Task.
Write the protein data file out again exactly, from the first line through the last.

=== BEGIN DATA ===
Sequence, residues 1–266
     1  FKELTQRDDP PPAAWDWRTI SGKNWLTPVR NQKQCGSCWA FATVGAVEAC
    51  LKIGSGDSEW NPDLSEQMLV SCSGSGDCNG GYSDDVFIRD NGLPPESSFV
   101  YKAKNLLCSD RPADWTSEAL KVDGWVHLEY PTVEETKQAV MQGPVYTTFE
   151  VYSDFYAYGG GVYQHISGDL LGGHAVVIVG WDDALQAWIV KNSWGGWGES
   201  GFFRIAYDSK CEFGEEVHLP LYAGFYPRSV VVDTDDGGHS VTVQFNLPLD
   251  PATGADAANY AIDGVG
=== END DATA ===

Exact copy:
Sequence, residues 1–266
     1  FKELTQRDDP PPAAWDWRTI SGKNWLTPVR NQKQCGSCWA FATVGAVEAC
    51  LKIGSGDSEW NPDLSEQMLV SCSGSGDCNG GYSDDVFIRD NGLPPESSFV
   101  YKAKNLLCSD RPADWTSEAL KVDGWVHLEY PTVEETKQAV MQGPVYTTFE
   151  VYSDFYAYGG GVYQHISGDL LGGHAVVIVG WDDALQAWIV KNSWGGWGES
   201  GFFRIAYDSK CEFGEEVHLP LYAGFYPRSV VVDTDDGGHS VTVQFNLPLD
   251  PATGADAANY AIDGVG